verb (used without object), men·stru·at·ed, men·stru·at·ing.
Origin of menstruate
Examples from the Web for menstruate
For instance, some women use it not only to curb premenstrual symptoms, but also to control when they menstruate.
The always-edifying Ann Coulter tweeted that Marines were “protecting his right to menstruate.”Chris Hayes’s Honesty Mistake: Troops Need Citizens Questioning Policy|Peter Beinart|May 29, 2012|DAILY BEAST
Today the most basic choice is whether or not to menstruate at all.
The drugs allow women to menstruate just four or fewer times a year.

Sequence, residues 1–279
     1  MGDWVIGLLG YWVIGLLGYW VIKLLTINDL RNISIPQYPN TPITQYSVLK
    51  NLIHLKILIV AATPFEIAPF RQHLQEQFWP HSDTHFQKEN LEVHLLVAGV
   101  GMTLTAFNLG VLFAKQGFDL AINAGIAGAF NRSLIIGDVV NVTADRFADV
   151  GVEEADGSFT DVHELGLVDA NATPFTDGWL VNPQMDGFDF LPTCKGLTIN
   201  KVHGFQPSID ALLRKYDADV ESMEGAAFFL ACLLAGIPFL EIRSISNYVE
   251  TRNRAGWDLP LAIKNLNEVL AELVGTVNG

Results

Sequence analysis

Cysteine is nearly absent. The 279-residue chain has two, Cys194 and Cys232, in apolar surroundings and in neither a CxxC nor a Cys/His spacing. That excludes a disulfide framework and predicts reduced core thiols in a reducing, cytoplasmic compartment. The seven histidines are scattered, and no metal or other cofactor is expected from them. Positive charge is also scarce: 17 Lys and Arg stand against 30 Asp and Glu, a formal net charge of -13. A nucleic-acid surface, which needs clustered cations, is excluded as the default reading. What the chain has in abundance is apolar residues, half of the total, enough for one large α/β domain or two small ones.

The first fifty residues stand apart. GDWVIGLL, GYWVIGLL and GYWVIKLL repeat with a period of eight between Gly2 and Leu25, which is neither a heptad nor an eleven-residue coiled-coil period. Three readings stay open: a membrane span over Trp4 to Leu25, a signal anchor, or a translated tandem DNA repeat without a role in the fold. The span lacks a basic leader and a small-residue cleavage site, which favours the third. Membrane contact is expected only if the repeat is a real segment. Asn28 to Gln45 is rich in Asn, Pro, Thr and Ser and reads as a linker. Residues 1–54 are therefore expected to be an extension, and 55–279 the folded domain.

I ceased to menstruate for about a year, which my doctor has said could have a lasting impact on my fertility.
The average age is fourteen years, though there is no reason to worry if a girl does not menstruate for a number of years later.
Don't wait to see if you do not menstruate (monthly sickness) but make it your duty to see that you do.Family Limitation|Margaret Sanger
A strong, robust, full-blooded girl will menstruate at an earlier age, than will a sickly anemic girl.
Four months before admission, the patient did not menstruate but was said not to have worried about this.Benign Stupors|August Hoch
Many women do not menstruate and do not become pregnant while they are nursing.Woman|William J. Robinson
British Dictionary definitions for menstruate
Word Origin for menstruate
Word Origin and History for menstruate
1680s, probably a back-formation from menstruation, or else from Latin menstruatus, past participle of menstruare. Related: Menstruated; menstruating.